As far as Raw is concerned, it only takes a single scene to get everyone's stomachs a-heaving. When Raw begins, veterinary student Justine is a lifelong vegetarian, but she's forced to consume meat as part of a hazing ritual. As a result, she's consumed by a very specific hunger. A hamburger doesn't do the trick. Neither does raw chicken. It's only after Justine's sister, Alexia, accidentally cuts off her own finger and passes out that Justine finds the answer. Justine picks up Alexia's severed appendage and, after a few moments of hesitation, eats it.

For a couple of viewers at the Toronto International Film Festival, that was enough. At least two people passed out, forcing the festival to call an ambulance. Others fled to prevent vomiting. They weren't alone. When Raw screened at Cannes, a friend of director Julia Ducournau lost consciousness, while a row full of elderly patrons beat feet when Justine's odd case of the munchies took a dark turn. And that's just the beginning, too — Justine's cannibalism doesn't end with just a finger, and it's probably best for everyone that the more sensitive members of the audience didn't stick around to see just how depraved things get.

Caligula (1979)

According to the stories, Caligula, who served as Emperor of the Roman Empire from AD 37 to AD 41, wasn't a nice guy. He started famines on purpose. He slept with other men's wives and bragged about it later. He had an affair with one of his sisters and prostituted out the others. He threw orgies, spent money on bizarre and frivolous pursuits while his subjects starved, fed criminals to wild animals and had suspected political rivals humiliated or outright killed, depending on his mood at the time.

Sounds like a great subject for a movie, right? Bob Guccione, who founded the hardcore men's magazine Penthouse, certainly thought so. In 1979, Guccione released Penthouse's one and only feature film: Caligula, a historical epic featuring Malcolm McDowell, Helen Mirren, Peter O'Toole, unsimulated sex scenes, and all different kinds of bodily fluids. Guccione might argue that Caligula is art, but everyone else seems to dismiss it as little more than a big-budget porno.

It's not just that Caligula is as depraved as its subject matter (trust us — Caligula has pretty much everything). It's also that there's just too much of it. With a runtime that borders on three hours, Caligula requires a major time investment, and all of that debauchery gets exhausting fast. Acclaimed film critic Roger Ebert couldn't sit through it, and that guy's seen almost everything. We doubt you'll fare much better.

The Great Ecstasy of Robert Carmichael (2005)

You could watch The Great Ecstasy of Robert Carmichael all the way through, but why? By all accounts, the film is thoroughly unpleasant. According to Variety, its second gang rape — yeah, there's more than one — "make[s] A Clockwork Orange look like a Britney Spears video." When the sexual assault appeared onscreen, audiences had had enough. When the film screened at Cannes, the scene prompted a mass walkout. Given that one critic called The Great Ecstasy of Robert Carmichael's climax "a sequence excruciating beyond any in memory," we're going to bet that the Cannes showing wasn't the only time everyone bailed.

Not that the rest of The Great Ecstasy of Robert Carmichael is particularly easy to watch, of course. Even before young Mr. Carmichael goes full-on Alex DeLarge, he's not a likable character. By the time Robert becomes an ecstasy dealer (the title is a pun — get it?), he's more or less beyond redemption.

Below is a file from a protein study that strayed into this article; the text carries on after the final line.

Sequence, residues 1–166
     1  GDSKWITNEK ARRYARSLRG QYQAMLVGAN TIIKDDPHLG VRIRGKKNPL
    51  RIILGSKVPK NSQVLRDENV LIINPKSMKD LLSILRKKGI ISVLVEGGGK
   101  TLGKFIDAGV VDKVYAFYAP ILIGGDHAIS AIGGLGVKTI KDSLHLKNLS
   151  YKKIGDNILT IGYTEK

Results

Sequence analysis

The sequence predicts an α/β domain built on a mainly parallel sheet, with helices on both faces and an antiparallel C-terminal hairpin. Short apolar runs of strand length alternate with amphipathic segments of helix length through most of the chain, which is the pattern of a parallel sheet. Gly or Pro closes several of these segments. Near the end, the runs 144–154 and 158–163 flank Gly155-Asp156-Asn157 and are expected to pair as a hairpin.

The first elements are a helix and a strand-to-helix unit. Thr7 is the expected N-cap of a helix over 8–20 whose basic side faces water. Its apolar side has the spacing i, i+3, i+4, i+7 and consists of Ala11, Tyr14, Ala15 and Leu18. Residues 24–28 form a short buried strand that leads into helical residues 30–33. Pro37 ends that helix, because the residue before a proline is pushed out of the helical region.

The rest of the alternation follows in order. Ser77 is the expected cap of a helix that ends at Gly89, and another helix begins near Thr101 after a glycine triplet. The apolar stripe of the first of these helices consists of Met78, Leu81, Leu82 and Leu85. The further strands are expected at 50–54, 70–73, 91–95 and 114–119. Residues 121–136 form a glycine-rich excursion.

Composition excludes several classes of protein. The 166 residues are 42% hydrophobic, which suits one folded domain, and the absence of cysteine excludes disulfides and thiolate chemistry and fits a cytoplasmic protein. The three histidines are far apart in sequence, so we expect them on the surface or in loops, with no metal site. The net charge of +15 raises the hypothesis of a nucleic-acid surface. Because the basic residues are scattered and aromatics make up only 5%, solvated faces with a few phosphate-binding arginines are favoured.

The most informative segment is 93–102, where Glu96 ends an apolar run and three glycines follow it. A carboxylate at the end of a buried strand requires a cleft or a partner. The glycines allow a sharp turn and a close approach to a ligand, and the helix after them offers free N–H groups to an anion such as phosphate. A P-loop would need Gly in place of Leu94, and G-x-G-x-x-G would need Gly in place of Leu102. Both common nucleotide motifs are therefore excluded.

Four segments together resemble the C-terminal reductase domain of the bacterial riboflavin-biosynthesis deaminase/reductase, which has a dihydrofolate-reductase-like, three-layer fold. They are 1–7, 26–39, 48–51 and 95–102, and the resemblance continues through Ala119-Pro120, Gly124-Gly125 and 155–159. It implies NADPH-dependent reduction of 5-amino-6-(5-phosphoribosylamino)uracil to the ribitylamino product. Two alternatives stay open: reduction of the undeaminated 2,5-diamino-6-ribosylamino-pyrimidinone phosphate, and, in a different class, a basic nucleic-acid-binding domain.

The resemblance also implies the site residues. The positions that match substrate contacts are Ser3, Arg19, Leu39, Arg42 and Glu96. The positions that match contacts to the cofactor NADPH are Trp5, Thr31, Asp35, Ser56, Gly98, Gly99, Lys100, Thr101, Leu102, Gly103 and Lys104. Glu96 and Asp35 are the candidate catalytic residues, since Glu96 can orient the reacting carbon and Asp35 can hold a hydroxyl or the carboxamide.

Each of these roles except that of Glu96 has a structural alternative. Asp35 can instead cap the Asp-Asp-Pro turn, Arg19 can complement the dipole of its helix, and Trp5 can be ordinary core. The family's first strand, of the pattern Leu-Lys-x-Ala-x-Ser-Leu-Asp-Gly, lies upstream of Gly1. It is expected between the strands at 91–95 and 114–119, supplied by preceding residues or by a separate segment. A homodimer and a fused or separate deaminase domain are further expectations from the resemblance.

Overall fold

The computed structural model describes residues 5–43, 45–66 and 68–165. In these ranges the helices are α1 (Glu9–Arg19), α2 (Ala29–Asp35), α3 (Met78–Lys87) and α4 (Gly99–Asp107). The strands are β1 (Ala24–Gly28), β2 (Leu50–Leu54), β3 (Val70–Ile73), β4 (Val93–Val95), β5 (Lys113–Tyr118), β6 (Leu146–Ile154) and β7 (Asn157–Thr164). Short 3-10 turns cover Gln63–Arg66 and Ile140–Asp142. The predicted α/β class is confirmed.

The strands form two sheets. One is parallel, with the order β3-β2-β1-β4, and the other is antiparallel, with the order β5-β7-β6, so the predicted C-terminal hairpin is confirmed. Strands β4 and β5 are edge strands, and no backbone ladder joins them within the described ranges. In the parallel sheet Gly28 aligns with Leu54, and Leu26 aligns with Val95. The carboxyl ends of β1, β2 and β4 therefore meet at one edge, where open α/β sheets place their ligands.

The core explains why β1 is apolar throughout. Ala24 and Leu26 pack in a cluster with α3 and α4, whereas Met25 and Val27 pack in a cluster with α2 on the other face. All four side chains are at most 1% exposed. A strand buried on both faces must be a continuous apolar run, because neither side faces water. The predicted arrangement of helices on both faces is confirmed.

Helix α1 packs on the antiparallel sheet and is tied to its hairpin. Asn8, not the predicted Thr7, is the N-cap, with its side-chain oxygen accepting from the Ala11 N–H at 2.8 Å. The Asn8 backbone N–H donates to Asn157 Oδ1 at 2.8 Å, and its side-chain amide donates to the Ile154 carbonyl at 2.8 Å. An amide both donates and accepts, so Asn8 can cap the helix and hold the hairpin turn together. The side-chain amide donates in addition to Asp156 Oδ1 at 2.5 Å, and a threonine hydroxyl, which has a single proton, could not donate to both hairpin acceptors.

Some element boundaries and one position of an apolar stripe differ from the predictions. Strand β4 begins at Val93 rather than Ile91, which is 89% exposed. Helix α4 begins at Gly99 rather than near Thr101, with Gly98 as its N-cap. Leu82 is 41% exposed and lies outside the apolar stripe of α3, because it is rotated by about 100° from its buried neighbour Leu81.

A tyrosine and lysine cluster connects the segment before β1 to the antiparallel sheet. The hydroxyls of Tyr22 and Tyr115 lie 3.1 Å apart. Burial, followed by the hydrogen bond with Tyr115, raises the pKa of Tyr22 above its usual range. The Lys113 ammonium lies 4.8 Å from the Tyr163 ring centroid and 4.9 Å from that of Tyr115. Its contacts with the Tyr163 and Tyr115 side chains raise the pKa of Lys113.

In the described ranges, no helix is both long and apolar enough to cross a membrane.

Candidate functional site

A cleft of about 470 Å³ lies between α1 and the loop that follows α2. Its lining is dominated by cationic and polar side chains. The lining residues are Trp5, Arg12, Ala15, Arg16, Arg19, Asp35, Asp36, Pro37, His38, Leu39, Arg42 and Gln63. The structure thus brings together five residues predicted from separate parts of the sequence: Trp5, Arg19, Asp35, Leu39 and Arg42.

Oh, and by the way: the whole thing is supposed to be a statement on the Iraq war. During the first rape scene, which occurs offscreen, Robert is watching war footage on the local news. During the second assault, the film includes images of guns and bombings among the attack. That's how director Thomas Clay justifies Robert Carmichael's brutality: rape is used as a weapon in places like Iraq and Bosnia, he says, and he wanted the audience to feel "shocked and disgusted." Well, mission accomplished — but clumsy political commentary doesn't make The Great Ecstasy of Robert Carmichael any more tolerable. If anything, it just makes it even worse.

Hereditary (2018)

Writer-director Ari Aster describes Hereditary, his critically acclaimed haunted house film, as a personal project. "I had gone through some stuff with my family," Aster said during a Q&A session. "I took my sickness and now put it inside all of you." Aster didn't elaborate further, but whatever the issue was, it must've been messed up. Hereditary isn't just the strongest debut from a horror director since Get Out, it's one of the most terrifying films to come along in years — if you can manage to sit through the whole thing.

Not everyone can. While Hereditary received rave reviews when it screened at Sundance (at the time of this writing, it's got a whopping 100 percent rating on Rotten Tomatoes), it was also scary enough to drive many viewers from the theater. Even people who stayed for the whole thing didn't really want to. "I was tensely perched in my seat the entire time," Vulture's critic wrote, "ready to pick fight or flight just as soon as I could figure out what the threat was."

People who managed to catch Hereditary at Sundance are keeping the film's big twists a secret, but by all accounts, the film isn't unsettling because of its jump scares or supernatural creatures, although it sounds like it's got plenty of those. It's hard to watch because the characters' pain is so real. In Hereditary, Toni Collette plays an artist, Annie, who just lost her borderline-abusive mother to cancer. Meanwhile, her relationships with her husband, her son, and her daughter are slowly deteriorating. That's enough to make Hereditary uncomfortable from the start. When the scares start dropping, it becomes unbearable.

The Wild Bunch (1969)